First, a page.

Any opinions on the best place (model, controller, decorator, presenter, etc.) to put validation messages that are specific to a given context? I.e., suppose you want to display a very detailed validation message with html tags, but even if the only current clients of the model validation can accept
html_safe strings, it somewhat doesn’t feel right to putting the html code in the model validator messages.
In a real project, I did the following:
- Started off with normal model validation.
- Moved the creation of the validation messages to a Draper decorator, as I needed various view (e.g., pluralize) and url helpers.
- Checked for the error situation before calling save or validate, and used the decorator’s message for the flash.
One issue I see with standard Rails validation is that there doesn’t seem to be some sort of error code along with the message. Sure, you know the attribute, but what if there’s different errors for that attribute. With an error code, the consumer of the Errors hash could use the error code. Without the error code, one could parse the resulting string, but thats seems incorrect (what if you later internationalize?).
Additionally, the documentation declares that the keys of the Errors hash should be symbols corresponding to the model’s attributes, or else
:base. So using additional keys also seems incorrect.
Suggestions? Anything better than working outside of normal validation?
From the docs:
Active Model Errors
Provides a modified Hash that you can include in your object for handling error messages and interacting with Action View helpers.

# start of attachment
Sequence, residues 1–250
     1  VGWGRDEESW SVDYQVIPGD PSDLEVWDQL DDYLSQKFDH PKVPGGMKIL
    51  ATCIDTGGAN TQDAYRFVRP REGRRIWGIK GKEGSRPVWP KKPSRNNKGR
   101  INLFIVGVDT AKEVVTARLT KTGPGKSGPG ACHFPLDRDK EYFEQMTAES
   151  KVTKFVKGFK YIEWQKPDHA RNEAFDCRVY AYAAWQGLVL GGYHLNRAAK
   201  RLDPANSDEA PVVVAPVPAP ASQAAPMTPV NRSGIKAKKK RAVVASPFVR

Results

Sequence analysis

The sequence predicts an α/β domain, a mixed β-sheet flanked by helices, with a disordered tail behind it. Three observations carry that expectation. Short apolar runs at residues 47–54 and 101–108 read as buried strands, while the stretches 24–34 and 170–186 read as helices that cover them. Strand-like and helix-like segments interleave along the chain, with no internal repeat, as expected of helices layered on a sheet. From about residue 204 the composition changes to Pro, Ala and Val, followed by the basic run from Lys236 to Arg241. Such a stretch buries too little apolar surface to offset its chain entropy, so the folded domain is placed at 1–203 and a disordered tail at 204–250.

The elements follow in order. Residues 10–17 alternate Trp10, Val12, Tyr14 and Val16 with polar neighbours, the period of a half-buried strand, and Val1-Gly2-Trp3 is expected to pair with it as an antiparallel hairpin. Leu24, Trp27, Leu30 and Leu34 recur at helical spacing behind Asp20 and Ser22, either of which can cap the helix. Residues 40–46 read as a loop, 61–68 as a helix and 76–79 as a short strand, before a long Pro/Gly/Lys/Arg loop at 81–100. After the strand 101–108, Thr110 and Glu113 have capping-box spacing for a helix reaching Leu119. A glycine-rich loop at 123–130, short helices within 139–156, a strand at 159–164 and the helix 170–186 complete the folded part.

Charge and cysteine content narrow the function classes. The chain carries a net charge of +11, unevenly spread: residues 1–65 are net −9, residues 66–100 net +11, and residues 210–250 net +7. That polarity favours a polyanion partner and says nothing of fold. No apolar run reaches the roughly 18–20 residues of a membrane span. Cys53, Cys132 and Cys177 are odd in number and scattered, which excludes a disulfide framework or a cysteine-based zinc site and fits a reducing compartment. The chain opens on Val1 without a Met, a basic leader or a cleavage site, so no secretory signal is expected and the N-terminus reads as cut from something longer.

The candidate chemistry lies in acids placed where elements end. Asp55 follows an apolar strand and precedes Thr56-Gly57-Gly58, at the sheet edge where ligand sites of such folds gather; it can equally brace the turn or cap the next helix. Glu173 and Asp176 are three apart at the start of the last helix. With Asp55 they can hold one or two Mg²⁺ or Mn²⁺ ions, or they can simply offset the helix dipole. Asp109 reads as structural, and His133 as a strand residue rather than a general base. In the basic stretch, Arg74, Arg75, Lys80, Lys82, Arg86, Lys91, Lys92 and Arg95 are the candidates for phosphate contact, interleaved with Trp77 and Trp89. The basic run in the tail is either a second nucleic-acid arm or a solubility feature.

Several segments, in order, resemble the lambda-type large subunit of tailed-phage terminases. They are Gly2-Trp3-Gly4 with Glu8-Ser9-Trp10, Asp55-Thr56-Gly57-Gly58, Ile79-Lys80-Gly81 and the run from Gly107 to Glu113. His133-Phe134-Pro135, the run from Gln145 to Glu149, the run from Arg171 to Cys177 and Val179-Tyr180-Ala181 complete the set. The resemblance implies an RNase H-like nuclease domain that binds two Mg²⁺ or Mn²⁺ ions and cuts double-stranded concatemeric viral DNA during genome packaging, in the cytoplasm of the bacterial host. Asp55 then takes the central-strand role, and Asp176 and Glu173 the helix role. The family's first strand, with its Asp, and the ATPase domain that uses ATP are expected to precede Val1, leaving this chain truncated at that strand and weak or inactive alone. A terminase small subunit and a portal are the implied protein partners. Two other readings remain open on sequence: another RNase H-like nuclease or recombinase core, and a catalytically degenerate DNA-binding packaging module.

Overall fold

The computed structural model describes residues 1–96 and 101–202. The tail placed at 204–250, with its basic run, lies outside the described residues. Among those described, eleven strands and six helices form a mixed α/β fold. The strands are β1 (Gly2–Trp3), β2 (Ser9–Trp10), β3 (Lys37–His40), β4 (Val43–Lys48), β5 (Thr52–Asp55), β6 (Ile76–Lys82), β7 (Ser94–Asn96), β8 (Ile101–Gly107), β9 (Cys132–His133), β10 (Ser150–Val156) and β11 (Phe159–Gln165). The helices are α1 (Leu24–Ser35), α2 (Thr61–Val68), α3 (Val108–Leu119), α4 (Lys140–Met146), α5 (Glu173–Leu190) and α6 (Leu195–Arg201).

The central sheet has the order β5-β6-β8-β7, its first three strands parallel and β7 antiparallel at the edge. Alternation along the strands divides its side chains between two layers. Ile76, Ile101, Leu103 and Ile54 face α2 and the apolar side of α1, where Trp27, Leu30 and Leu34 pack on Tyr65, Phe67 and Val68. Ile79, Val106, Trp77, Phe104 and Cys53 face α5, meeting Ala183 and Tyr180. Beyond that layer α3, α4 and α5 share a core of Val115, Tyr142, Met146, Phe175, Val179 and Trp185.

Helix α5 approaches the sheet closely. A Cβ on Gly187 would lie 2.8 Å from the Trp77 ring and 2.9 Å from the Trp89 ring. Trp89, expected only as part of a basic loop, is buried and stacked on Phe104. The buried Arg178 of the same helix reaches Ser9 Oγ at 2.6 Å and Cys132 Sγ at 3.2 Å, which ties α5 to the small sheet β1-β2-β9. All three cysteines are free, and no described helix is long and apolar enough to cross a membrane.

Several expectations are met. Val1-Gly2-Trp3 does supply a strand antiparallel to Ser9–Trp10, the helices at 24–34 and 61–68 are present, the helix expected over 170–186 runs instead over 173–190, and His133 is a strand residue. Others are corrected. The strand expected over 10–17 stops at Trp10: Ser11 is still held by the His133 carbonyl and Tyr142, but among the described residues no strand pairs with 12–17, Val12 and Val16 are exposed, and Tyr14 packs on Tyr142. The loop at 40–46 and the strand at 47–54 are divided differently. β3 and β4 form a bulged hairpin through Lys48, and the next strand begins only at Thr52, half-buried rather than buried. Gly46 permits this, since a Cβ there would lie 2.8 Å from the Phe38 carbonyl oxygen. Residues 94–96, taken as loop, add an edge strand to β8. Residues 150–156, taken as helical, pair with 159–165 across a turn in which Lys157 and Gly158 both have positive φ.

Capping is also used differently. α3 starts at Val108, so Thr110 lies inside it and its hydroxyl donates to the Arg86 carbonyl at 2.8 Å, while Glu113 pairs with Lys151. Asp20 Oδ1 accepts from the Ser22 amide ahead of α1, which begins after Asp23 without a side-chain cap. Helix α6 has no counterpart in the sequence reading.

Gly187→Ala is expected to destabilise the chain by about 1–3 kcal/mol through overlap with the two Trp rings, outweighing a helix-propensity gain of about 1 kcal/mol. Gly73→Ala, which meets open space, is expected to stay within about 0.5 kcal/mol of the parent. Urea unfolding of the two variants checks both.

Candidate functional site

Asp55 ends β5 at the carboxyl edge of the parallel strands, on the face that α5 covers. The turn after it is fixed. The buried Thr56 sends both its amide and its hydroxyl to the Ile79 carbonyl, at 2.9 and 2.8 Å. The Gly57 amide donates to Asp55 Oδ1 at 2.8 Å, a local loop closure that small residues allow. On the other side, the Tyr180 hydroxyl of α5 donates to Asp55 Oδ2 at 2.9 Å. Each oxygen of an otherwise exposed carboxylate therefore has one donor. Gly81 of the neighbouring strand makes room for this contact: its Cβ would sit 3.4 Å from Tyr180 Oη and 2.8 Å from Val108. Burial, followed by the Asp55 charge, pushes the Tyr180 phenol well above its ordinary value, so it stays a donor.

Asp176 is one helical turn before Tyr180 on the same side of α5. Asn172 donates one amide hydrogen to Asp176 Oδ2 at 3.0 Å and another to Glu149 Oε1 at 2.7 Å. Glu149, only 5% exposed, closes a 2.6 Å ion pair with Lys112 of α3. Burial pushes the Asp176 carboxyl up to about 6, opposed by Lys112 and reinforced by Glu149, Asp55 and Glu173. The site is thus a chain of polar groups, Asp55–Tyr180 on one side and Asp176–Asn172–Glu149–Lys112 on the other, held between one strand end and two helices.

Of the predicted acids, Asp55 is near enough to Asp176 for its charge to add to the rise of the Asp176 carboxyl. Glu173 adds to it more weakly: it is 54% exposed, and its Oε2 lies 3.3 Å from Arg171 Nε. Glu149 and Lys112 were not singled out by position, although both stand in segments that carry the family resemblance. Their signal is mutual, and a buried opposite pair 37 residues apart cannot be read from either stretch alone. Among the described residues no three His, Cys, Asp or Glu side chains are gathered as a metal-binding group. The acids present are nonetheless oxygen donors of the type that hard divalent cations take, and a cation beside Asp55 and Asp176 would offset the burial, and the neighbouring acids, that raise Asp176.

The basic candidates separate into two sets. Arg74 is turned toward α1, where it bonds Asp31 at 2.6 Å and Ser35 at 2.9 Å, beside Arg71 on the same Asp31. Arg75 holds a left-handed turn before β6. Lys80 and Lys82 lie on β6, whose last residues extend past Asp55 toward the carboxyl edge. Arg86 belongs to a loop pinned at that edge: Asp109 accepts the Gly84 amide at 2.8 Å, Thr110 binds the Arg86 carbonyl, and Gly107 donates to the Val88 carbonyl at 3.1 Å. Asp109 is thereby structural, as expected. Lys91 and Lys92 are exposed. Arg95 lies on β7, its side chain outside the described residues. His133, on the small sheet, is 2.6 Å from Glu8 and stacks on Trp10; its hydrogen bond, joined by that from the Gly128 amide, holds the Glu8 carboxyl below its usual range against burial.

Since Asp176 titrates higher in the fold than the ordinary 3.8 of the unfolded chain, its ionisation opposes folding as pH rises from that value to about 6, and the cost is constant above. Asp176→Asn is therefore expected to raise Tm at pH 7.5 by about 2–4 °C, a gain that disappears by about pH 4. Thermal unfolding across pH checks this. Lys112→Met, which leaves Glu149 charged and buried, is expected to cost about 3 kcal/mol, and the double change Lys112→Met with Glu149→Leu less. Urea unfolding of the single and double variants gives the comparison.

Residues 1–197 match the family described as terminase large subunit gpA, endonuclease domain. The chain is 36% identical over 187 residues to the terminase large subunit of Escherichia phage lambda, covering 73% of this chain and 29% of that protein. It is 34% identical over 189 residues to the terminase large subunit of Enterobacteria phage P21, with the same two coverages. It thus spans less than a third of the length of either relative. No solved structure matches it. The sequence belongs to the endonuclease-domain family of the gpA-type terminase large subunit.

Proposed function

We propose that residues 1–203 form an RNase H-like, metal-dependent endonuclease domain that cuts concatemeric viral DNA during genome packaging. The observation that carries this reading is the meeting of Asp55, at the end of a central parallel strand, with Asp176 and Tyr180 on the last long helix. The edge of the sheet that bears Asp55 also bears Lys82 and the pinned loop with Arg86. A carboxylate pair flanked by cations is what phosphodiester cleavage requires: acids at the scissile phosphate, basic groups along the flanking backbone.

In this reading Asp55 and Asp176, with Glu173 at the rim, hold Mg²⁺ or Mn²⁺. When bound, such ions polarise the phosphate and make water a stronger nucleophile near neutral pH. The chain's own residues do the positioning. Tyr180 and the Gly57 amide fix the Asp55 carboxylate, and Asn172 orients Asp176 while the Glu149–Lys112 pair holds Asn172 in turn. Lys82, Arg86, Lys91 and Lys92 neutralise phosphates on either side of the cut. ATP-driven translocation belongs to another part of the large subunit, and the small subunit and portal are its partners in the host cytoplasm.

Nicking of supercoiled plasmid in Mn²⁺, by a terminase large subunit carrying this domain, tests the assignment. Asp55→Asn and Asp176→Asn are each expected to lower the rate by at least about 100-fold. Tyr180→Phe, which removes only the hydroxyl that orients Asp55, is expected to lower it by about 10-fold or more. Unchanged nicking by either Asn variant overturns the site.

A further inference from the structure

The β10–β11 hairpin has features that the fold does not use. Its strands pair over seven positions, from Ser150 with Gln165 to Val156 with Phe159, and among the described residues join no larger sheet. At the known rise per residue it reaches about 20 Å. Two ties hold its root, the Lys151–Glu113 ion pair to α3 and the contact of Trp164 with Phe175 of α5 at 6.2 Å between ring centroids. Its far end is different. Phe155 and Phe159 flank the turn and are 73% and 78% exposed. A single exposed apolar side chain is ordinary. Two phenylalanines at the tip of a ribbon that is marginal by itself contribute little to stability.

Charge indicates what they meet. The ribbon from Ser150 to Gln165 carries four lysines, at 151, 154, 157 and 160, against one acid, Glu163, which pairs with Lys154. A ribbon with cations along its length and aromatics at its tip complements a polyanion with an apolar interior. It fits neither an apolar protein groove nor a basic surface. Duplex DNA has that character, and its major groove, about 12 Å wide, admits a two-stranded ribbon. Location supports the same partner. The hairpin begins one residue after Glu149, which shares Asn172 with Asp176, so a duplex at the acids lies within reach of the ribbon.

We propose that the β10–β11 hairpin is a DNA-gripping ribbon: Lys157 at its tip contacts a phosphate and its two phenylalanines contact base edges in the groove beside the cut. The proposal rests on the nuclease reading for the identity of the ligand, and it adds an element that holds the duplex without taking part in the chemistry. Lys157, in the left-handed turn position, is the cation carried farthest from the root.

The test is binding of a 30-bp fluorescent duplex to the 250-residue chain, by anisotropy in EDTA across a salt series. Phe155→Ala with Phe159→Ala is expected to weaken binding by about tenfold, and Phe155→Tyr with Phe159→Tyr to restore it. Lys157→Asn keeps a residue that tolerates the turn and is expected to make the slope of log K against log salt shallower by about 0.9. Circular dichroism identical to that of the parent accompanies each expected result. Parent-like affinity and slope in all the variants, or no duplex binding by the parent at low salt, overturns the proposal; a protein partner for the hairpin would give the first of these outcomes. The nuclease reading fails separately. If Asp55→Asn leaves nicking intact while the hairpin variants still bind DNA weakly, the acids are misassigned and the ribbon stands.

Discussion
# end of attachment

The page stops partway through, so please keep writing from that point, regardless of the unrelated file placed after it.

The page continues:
Changing the error message for rails validations or even providing messages for your own is a job for i18n. See: Rails Internationalization (I18n) API — Ruby on Rails Guides. This is the key → value store you are looking for.
Thanks. Is it possible to get the key used for the translation rather than the actual translation, supposing that I want the view to alter the message based on the key?
Not that I know of. You could have i18n itself return you a key you could do something with, I suppose. Or set the message to a key directly?
If that’s the case, then it seems like the controller calling the same method doing the model validation before calling save is useful to know that a certain validation would fail and that you’d want a custom error message. It just seems wrong to have logic based on a human readable validation message which could inadvertently change. Maybe, being able to access the i18n key would be a super feature for Rails core for this use case.
I think I’d probably seriously reevaluate whether I needed anything more than the standard i18n approach of model validations. I18n supports pluralization but it will not have access to URL helpers.
The interesting thing is Rails models are responsible for validation messages, yet string messages are view context specific. When validation error messages occur, sometimes I want to give the user a URL to fix the issue.
In the past, I’ve had the model validation code call Draper Decorator methods to create the proper validation message. This works fine so long as there’s one consumer of the validation, the Rails web app. This is not ideal in the general case.